A change is gonna come Ahleuchatistas’ avant-rock evolves with Heads Full of Poison

who: Ahleuchatistas, with The Critters and Common Visions
what: Record release show for Heads Full of Poison
where: The Grey Eagle
when: Friday, Oct. 5 (9 p.m. $7. thegreyeagle.com)

When Asheville’s Ahleuchatistas released Location Location in 2011 there was an easy explanation as to why it sounded different from the rest of their catalog. The year before, the boundary-obliterating instrumental outfit had diminished from a trio to a duo, drummer Ryan Oslance and guitarist Shane Perlowin soldiering on without bassist Derek Poteat. Whatever new techniques emerged could easily be attributed to the new configuration.

This year, the group offers Heads Full of Poison, their seventh full-length and second as a duo, and it sounds as different from Location Location as that record does from the rest of Ahleuchatistas’ output. Location Location is jarring and atmospheric, experimenting with abrasive tones and entrancing dissonance alongside skittering, free jazz-inspired rhythms that are more often textural than propulsive. Heads is kinetic and explosive, breakneck and angular guitar melodies fusing with intricate drum patterns to create an all-consuming force. Riveting from end to end, the album proves that this band doesn’t need a lineup change to justify changing course.

I don’t think that we’re really bound by anyone’s expectations of what they’re going to hear,” Perlowin says. “This record demonstrates that, and I think that’s a really good thing. Really, there were no guidelines when the band formed. We’ve gone through four lineups, one of which recorded four albums, and now this is the second album in this particular format.”

is a more cohesive effort than Location Location, which makes sense given the different circumstances that led to their creation. Location Location was recorded during a haphazard collection of sessions during Oslance and Perlowin's early days as a duo, none of which were intended to be compiled on an album. The oldest material on Heads has been in the band’s repertoire for about two years, tested and perfected on the road before it was captured. The newer songs, most of which comprise the back half of the double LP, were debuted on the duo’s two-month European tour last fall. Both albums contain improvisatory elements, but with Heads, the constructs for those experiments were far more concrete.

That’s from experimenting and working things out and finding textures and approaches that work for us, that we feel are fresh and convey what we want to convey,” Perlowin says,. “A lot of our show is kind of a mixture, and it has been really since we’ve been touring as a duo. This is just kind of the first release that showcases primarily the more compositional element, even though there is a lot of improvisation.”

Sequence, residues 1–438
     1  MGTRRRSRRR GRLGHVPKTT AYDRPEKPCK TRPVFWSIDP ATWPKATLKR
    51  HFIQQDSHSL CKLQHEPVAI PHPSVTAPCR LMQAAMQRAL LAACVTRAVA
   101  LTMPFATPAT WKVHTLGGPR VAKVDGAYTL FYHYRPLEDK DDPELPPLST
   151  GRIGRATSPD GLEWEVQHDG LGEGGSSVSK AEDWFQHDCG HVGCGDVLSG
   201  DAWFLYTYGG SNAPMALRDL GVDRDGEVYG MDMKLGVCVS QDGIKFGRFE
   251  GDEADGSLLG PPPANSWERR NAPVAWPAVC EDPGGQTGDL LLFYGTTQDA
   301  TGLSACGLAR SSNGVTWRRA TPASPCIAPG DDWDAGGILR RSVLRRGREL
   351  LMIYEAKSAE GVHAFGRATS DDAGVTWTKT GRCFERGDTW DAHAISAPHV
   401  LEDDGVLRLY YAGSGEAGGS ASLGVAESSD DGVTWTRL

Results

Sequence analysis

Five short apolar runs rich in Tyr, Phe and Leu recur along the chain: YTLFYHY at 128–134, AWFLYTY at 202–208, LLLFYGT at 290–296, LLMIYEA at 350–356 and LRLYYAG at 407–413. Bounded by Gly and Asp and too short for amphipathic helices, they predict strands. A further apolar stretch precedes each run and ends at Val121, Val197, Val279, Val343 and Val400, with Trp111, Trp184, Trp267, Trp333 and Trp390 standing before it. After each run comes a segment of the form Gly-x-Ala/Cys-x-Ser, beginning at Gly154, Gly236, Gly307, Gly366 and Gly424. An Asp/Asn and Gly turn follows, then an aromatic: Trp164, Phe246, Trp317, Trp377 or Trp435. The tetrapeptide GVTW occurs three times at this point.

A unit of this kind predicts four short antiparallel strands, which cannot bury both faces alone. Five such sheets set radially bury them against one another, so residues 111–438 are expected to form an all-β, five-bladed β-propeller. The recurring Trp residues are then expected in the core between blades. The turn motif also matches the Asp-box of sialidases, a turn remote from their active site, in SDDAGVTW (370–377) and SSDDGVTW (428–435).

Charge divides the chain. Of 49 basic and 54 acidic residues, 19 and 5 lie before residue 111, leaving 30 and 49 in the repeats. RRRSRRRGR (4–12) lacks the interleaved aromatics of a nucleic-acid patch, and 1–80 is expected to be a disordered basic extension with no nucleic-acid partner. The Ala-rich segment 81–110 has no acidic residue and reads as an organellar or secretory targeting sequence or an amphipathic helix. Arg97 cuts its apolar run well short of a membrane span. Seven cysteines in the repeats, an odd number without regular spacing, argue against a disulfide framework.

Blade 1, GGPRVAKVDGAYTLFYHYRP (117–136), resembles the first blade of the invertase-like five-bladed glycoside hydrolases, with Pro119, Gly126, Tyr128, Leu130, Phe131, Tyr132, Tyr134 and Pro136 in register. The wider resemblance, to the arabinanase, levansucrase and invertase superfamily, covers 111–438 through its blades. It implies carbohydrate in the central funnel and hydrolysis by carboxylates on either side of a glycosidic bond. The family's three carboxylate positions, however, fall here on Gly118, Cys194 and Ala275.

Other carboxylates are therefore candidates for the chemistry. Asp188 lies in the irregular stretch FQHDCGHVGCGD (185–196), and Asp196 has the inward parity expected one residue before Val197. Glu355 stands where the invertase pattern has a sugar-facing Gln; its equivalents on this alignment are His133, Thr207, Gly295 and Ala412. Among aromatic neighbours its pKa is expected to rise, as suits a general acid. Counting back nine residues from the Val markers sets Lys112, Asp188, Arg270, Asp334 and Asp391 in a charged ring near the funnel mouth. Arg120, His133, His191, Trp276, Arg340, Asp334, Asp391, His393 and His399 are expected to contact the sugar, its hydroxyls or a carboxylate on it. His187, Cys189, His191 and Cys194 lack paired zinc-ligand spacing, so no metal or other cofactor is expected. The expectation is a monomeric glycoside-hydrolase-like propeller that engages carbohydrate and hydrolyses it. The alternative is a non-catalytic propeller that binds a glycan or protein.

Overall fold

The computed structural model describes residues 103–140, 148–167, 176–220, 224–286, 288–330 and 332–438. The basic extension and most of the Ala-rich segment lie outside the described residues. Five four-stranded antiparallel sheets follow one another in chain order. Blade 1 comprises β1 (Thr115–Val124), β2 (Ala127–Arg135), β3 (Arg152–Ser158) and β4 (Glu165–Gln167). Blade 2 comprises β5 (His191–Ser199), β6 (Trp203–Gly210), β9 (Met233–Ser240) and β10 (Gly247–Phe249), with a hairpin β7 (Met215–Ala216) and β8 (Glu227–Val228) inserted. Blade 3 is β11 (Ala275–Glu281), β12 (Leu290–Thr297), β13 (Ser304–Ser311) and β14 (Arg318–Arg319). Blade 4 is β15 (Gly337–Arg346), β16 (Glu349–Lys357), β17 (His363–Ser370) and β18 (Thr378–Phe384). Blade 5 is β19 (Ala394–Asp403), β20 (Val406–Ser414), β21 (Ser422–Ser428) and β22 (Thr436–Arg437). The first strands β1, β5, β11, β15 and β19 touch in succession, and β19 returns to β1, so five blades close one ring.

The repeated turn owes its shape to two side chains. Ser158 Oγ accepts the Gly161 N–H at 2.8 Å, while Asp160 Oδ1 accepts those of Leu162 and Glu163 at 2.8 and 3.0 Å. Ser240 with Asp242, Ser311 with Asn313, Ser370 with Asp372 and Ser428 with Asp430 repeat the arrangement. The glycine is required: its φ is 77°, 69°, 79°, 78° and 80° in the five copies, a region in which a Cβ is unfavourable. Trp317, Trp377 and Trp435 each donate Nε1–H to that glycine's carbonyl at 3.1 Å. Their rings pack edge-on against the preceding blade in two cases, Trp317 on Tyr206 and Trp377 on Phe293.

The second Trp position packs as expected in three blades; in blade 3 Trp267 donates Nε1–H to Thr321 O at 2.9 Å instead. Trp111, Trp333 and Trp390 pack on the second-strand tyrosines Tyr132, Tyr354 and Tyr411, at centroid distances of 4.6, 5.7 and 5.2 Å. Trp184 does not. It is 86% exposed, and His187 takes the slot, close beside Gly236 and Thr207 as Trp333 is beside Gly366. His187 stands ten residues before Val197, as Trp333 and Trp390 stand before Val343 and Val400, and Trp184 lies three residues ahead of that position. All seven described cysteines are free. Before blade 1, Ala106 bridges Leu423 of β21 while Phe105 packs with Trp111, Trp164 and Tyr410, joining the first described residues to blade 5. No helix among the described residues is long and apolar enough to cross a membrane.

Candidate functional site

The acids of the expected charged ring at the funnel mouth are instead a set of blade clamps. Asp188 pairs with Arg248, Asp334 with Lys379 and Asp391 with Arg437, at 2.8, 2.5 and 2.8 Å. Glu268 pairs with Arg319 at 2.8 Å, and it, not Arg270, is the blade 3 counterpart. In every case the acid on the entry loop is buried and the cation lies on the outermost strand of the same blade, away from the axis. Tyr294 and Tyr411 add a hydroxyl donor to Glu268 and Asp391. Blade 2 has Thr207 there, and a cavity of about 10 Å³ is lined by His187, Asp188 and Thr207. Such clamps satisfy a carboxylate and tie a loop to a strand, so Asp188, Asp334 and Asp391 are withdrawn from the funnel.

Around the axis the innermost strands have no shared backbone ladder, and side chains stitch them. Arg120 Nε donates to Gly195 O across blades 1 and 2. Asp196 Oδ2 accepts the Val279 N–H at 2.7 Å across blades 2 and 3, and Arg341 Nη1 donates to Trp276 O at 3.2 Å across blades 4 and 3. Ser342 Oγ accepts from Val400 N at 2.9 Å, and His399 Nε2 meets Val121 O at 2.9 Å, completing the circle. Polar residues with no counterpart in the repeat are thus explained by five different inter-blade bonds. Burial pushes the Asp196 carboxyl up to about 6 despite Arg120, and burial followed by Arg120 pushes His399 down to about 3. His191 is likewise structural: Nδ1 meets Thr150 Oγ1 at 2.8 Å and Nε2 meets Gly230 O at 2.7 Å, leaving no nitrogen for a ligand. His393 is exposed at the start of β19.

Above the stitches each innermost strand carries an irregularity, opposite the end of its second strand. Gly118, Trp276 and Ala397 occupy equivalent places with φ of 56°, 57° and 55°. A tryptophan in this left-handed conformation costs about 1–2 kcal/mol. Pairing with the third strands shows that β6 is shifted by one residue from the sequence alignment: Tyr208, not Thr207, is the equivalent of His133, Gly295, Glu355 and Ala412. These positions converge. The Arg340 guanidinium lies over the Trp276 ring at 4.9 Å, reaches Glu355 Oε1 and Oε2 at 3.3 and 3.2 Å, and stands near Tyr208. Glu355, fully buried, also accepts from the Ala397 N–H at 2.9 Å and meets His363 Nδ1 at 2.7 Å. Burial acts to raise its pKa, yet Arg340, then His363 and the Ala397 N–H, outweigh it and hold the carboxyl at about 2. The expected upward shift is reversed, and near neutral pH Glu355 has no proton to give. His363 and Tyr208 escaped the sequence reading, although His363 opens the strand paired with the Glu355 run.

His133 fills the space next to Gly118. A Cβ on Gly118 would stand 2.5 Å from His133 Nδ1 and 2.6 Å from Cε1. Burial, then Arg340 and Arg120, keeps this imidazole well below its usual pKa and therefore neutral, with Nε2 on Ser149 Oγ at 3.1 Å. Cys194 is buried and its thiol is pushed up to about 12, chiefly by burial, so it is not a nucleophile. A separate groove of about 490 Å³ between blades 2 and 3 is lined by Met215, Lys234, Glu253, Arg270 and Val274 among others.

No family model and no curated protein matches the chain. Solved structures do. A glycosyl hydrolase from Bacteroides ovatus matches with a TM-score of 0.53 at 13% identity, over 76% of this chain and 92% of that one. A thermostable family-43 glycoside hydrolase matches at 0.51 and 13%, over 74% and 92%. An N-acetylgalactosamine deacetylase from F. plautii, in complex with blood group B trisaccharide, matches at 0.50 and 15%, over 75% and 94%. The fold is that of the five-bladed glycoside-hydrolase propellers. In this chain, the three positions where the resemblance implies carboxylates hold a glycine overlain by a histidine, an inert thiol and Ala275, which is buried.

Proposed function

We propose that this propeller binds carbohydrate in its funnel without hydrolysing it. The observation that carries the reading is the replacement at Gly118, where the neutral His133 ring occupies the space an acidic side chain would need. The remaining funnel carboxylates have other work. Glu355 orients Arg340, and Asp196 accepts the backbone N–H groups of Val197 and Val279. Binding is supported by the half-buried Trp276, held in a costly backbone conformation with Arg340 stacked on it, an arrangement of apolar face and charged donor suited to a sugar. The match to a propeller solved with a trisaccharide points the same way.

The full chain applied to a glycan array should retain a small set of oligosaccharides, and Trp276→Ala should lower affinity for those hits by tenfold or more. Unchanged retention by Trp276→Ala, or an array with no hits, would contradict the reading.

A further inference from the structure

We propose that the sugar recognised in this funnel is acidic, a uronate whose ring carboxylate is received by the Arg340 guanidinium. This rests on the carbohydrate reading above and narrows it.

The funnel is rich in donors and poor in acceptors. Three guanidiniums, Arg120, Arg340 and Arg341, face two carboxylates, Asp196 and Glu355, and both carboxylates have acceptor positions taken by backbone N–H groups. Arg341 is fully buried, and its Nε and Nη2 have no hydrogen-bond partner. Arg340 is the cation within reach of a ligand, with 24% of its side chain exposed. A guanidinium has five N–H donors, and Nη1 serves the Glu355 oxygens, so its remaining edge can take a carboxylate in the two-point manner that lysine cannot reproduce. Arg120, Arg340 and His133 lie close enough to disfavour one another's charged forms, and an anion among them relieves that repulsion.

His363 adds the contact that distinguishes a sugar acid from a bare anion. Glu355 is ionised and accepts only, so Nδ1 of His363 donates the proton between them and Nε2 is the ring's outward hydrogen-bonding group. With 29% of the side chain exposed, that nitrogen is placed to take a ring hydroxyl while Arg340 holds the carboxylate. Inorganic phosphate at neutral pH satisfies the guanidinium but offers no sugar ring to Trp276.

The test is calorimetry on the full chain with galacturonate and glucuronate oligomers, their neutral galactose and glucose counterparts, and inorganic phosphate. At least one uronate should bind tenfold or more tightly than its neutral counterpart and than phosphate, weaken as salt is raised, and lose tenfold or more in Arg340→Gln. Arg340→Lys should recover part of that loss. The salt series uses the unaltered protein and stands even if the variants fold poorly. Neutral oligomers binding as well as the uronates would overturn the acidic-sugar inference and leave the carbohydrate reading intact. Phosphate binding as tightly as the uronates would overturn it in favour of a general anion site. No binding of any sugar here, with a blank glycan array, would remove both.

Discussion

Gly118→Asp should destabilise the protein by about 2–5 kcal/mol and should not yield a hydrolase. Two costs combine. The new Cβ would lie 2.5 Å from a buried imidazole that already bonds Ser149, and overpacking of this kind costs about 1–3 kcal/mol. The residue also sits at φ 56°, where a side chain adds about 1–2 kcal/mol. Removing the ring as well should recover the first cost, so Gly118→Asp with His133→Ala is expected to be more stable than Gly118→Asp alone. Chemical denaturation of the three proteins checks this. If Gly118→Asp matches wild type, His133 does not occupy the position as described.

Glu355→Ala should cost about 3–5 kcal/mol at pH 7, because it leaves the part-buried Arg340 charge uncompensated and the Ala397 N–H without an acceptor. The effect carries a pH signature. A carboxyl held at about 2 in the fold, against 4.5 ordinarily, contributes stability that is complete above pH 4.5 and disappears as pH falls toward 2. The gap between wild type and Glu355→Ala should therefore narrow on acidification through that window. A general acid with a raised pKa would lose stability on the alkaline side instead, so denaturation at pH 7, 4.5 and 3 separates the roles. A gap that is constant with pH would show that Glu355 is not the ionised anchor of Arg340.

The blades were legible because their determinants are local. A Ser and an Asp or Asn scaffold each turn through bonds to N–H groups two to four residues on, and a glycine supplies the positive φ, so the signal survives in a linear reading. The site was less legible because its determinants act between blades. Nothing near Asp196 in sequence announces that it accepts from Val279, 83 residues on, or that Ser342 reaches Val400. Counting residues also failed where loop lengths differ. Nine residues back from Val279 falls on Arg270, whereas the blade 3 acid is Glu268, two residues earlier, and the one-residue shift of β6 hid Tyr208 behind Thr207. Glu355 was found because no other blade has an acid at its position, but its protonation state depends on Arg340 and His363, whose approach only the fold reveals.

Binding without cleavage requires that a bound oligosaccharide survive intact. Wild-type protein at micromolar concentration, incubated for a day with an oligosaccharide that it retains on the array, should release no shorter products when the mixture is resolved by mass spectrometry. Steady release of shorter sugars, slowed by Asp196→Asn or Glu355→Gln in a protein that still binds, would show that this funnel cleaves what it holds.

Ahleuchatistas benefited from a lucky break when it came time to record. Friends of theirs had just gutted a house in West Asheville for renovations and allowed the players to set up shop in the vacant space. Adding to their windfall, Static Age Records was in the process of relocating its recording studio and gave the outfit its gear as a means of storing it during the transition. The house’s rich acoustics and the relaxed environment were both key contributors to the album’s spacious and absorbing sound.

It was a very comfortable setting,” Oslance says. “We just had an empty house to ourselves with just a phenomenal studio setup that we didn’t own, and we got to just record ourselves into the wee hours of the night and work all-day long with nobody else around. So I think having that freedom and comfort, we’re not going to sound as rushed or hurried.”

The result of Ahleuchatistas’ relaxed studio session might well be their best record to date, a barrage of styles and moods that nevertheless gels into an immersive whole. For instance, the epic, 15-minute title track starts out with a thrilling back-and-forth between sections of chugging, African-inspired rhythm and concussive psych-rock attacks. After an ethereal bridge that squares an undercurrent of nervy noise against breezy Oriental melodies, the song erupts into a pummeling finale where surf riff mutations emerge from ominous walls of sludgy distortion. It would surely be incredible to see the duo pull it off live, but that opportunity may already be gone.

We’re looking to be playing pretty much all new material,” Perlowin laughs, looking forward to the outfit's fall tour dates. “Not all new material, but we’re moving into new territory for our upcoming gigs. Basically, that material that we captured here on this album is kind of the stuff we’ve been touring for two years, so we’re moving forward. I’m really happy with how we’ve captured it, but we’ve gotten to document something that a lot of people got to see live. Now we’re moving forward with writing and experimenting and playing.”

Jordan Lawrence is music editor at Shuffle Magazine and a contributing writer at The Independent.

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